Whether you’re a seasoned professional or an ambitious newcomer, the CETA Work Permit might be your golden key to unlocking this incredible opportunity.
But what exactly is it, and how can you tap into its potential? Buckle up, because we’re about to embark on a journey through the exciting world of CETA and its streamlined path to your Canadian work adventure.
What is CETA Work Permit Canada?
The Canada-European Union Comprehensive Economic and Trade Agreement (CETA) is a multilateral trade agreement negotiated between Canada and the European Union (EU) which came into effect on the 21st day of September 2017.
CETA provides unique opportunities for citizens of the European Union to work in Canada. Foreign nationals covered by CETA provisions could also be eligible to work in Canada without the need for a Labour Market Impact Assessment (LMIA) or even a work permit.
CETA establishes four situations wherein an EU citizen can be considered eligible for facilitated access to Canadian work authorization:
- CETA Business Visitors
- CETA Intra-Company Transferees
- CETA Investors
- CETA Contractual Service Suppliers and Independent Professionals
CETA Business Visitors
Business visitors under CETA are eligible for short-term entry to Canada without a work permit or a Labour Market Impact Assessment (LMIA).
Business visitors are authorized for a maximum of 90 days in any six-month period.
CETA business visitors may seek multiple entries to Canada for a series of normal visits concerning a selected project. Under CETA, there are two categories of business visitors:
- Business visitors for investment purposes: This category refers to employees in managerial or specialist positions who are liable for fixing an enterprise. Business visitors under this category are most likely to not engage in direct transactions with the overall public, nor may they receive remuneration from a Canadian source.
- Short-term business visitors: This category refers to business visitors who enter Canada to perform one of the permissible activities listed below. Short-term business visitors cannot engage in selling goods or services to the overall public or receive remuneration from a Canadian source.
Permissible activities for CETA short-term business visitors:
- Meetings and consultations
- Research and style
- Market research
- Training seminars
- Trade fairs and exhibitions
- After-sales or after-lease service
- Commercial transactions
- Tourism personnel
- Translation and interpretation
CETA Intra-company transferees
Under CETA, intra-company transferees of enterprises located in EU nations can also be considered eligible to get a Canadian working paper without requiring a Labour Market Impact Assessment (LMIA). In order to be eligible for the LMIA-exemption, intra-company transferees must meet the subsequent general criteria:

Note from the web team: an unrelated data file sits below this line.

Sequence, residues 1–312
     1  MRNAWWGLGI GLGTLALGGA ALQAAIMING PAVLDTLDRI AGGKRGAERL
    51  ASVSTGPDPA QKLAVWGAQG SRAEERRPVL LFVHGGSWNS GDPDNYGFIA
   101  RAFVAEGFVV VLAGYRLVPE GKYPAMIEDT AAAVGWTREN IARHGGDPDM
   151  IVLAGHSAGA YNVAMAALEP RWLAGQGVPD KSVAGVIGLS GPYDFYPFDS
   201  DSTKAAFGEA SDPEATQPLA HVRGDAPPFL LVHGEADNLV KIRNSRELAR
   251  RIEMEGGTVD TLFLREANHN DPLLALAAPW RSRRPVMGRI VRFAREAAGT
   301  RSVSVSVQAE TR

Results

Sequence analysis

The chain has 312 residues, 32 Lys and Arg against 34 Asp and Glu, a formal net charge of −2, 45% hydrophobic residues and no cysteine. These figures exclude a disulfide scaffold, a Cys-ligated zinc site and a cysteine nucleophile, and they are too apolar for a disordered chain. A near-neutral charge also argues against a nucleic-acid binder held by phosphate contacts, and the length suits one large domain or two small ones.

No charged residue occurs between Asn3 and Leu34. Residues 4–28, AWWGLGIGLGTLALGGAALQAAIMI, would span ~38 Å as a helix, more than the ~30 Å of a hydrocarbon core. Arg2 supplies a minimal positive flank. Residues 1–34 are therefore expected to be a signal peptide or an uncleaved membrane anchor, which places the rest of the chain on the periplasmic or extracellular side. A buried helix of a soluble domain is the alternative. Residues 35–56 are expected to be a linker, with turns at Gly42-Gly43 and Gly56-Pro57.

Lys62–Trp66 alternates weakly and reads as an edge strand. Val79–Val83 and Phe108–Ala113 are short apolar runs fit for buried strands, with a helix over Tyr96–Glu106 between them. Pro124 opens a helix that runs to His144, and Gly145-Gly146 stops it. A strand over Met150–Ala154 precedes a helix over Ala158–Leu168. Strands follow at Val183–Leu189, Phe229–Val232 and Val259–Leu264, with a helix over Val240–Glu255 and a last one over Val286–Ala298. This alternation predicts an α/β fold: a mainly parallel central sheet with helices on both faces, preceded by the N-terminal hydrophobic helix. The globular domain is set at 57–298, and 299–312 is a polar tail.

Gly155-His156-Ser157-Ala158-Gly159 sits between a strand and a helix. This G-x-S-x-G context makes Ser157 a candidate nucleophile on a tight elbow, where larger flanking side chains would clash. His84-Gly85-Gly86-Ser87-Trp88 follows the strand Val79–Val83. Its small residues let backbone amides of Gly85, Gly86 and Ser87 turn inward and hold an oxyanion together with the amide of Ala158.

- Must have been employed by, or partners in, an enterprise located in an EU nation for a minimum of one year
- Must be temporarily transferred to a Canadian enterprise with one among the subsequent relationships to the EU enterprise: subsidiary, parent, branch, or head company.
In addition to the overall criteria, intra-company transferees are divided into three categories, each encompassing its own specific requirements:
- Senior Personnel: like the “executive capacity” position under the North American Trade Agreement (NAFTA). Individuals under this category are eligible for a work permit of up to three years with a possible extension of a maximum of 18 months.
- Specialists: like the “specialized knowledge” positions under NAFTA. Individuals under this category are eligible for a work permit of up to 3 years with a possible extension of a maximum of 18 months.
- Graduate Trainees: Must possess a university degree and be temporarily transferred to an enterprise in Canada for career development or business training. Individuals under this category are eligible for a work permit of up to 1 year with no possibility for extension.
Applicants curious about applying for CETA working papers, exempt from the LMIA-requirement, may follow the appliance procedures for CETA permits.
Under CETA, investors from EU member nations could also be eligible to get a Canadian working paper without requiring a Labour Market Impact Assessment (LMIA). So as to satisfy the CETA eligibility requirements for investors, an applicant must meet the subsequent criteria:
- Involved with the establishment, development, administration, or operation of an investment during a capacity which is supervisory or executive;
- Must be the investor;
- Must be hired by an enterprise that has committed previously, or is currently committing, a considerable amount of capital in Canada.
Investors are going to be assessed using the standards for investors described within the North American Trade Agreement (NAFTA). Investors approved through CETA could also be issued LMIA-exempt work permits for a maximum of 1 year, with possible extensions at the discretion of a visa officer. Applicants curious about applying for CETA working papers, exempt from the LMIA-requirement, may follow the appliance procedures for CETA permits.